Through the long cold winter of 2005, I was able to talk my knee into coming around, partly because of the time spent in the pool and on the stationary bike. I got my number for Boston and switched back to putting in the miles and running all the great middle distance races the New England has to offer in the cold months.

In the back of my mind, I had a plan. After the marathon I would immediately transition to triathlon training. Not Ironman, but sprint tri training. This so far has worked out wonderfully.

Typically there is a physical and emotional letdown after Boston where the miles fall off and the pounds go on. It’s too early to start into a program for a fall marathon and you’re sick of running every day. In a nutshell you convince yourself that it is ok to take it easy because you’ve earned it by God! Then July rolls around and your 20 pounds heavier and have to start at the bottom of the mountain again.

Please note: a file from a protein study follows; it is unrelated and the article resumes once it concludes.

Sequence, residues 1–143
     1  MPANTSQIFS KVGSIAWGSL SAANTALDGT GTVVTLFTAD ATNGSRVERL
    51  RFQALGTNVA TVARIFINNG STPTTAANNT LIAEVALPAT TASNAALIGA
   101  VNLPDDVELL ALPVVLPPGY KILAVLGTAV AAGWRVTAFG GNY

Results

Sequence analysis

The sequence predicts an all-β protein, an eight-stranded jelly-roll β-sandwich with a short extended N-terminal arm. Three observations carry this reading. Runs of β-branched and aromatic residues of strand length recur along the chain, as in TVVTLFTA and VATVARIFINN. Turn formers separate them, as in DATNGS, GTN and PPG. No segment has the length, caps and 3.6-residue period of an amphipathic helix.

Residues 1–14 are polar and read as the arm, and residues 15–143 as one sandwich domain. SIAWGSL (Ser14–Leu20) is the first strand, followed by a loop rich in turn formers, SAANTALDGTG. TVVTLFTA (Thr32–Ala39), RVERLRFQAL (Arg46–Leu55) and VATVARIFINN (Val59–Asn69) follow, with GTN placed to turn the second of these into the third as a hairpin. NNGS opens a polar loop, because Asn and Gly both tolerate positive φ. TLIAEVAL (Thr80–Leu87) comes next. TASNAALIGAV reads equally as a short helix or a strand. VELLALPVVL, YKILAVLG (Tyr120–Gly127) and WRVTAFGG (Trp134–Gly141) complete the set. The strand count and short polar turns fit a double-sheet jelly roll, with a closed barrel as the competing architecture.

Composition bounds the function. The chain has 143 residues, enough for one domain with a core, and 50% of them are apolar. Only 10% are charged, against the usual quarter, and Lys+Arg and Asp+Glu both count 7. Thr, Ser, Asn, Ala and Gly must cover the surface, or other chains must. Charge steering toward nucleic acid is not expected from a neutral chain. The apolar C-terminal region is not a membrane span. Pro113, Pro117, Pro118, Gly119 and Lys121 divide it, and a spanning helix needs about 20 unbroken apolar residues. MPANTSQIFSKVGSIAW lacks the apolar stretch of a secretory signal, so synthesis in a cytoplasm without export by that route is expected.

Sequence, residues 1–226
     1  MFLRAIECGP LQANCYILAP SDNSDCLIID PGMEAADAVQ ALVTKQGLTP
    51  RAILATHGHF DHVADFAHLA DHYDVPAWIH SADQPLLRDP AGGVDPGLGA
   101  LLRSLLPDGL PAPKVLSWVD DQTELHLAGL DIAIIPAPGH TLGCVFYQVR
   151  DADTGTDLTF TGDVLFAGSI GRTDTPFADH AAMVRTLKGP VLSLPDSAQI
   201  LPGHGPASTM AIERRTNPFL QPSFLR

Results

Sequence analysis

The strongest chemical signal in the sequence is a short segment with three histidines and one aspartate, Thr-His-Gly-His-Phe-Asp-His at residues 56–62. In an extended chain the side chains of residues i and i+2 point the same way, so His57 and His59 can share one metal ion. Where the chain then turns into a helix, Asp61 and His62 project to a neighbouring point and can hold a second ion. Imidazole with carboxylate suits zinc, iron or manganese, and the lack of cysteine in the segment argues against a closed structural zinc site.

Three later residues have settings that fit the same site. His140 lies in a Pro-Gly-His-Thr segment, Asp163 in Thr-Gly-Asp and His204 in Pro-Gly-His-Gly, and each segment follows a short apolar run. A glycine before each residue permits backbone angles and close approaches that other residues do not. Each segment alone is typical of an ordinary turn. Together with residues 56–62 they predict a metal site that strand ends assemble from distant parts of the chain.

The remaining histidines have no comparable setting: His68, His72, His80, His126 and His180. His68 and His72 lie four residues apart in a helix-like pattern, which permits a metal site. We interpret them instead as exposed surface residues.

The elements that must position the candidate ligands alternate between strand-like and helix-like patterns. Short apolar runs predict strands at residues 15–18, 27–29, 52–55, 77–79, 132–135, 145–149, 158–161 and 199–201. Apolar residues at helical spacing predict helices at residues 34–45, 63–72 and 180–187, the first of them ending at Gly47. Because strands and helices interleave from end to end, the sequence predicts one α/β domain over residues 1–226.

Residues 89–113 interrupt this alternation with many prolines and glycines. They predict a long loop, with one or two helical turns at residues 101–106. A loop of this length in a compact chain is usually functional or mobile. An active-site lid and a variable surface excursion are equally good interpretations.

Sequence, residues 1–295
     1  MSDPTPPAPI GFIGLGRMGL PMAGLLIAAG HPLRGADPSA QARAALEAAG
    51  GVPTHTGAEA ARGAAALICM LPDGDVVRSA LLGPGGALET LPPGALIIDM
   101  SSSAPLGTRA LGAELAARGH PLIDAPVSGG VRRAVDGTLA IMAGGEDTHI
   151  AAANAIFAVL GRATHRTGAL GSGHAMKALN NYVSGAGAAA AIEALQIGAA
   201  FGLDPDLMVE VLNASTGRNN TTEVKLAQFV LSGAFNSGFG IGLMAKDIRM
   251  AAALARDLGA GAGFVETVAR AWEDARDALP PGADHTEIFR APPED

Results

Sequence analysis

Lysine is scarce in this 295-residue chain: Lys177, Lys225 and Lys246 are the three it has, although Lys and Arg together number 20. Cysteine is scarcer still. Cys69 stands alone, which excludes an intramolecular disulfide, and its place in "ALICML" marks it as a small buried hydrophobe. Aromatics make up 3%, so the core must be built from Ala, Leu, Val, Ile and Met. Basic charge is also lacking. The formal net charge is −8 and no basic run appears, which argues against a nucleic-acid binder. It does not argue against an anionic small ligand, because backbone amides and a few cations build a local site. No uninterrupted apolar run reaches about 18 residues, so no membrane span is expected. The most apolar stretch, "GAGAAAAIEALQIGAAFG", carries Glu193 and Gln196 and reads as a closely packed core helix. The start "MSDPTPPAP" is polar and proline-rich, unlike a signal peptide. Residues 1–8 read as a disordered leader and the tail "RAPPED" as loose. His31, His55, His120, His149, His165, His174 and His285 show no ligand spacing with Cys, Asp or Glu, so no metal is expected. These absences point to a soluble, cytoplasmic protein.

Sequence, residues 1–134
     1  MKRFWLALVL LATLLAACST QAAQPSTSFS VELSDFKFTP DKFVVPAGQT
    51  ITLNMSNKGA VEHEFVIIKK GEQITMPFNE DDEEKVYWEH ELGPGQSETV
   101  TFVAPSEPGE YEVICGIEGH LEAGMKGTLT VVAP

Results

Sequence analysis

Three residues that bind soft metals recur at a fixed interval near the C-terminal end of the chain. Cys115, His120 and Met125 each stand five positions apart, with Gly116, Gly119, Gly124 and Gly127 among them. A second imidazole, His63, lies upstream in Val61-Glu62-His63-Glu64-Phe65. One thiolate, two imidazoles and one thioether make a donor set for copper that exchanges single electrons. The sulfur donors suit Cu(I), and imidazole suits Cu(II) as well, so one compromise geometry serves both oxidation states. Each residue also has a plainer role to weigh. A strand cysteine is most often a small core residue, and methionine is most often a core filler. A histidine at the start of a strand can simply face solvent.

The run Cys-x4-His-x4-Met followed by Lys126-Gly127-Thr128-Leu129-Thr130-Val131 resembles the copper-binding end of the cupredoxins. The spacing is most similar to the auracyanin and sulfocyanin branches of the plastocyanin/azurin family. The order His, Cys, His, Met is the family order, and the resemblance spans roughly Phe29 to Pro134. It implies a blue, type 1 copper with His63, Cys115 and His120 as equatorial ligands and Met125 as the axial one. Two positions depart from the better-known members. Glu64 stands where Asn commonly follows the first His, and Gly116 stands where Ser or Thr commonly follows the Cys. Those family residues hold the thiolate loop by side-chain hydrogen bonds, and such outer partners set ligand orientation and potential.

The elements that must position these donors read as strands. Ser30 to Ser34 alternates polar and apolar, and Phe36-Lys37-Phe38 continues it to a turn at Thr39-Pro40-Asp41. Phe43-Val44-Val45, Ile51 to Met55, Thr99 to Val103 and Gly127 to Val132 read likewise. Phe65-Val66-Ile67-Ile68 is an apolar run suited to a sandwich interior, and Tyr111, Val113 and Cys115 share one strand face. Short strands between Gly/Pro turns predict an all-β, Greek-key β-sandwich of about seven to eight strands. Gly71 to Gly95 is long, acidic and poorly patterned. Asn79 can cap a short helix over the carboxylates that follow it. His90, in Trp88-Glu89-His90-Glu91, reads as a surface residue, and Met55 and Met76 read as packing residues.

I’ve always been of the opinion that cycling is easy and running is hard. I wasn’t sure that it would be enough exercise to be fulfilling or useful. With tri training I immediately reduced my running mileage to around 18 miles a week, but increased my work outs to 9 per week. Three runs, three bikes and three swims. Since there are only 7 days in a week that means you are doubling up on a couple.

According to my training philosophy you have to get one ‘speed’ workout in each discipline per week. That means a hard swim on Saturday and hard bike on Tuesday and a track workout on Thursday. The net result is you are constantly exhausted from something, but nothing gets over used.

It’s pretty much all good news so far. All my marathon aches have gone away with the low mileage. I’ve actually lost another 5 pounds since Boston!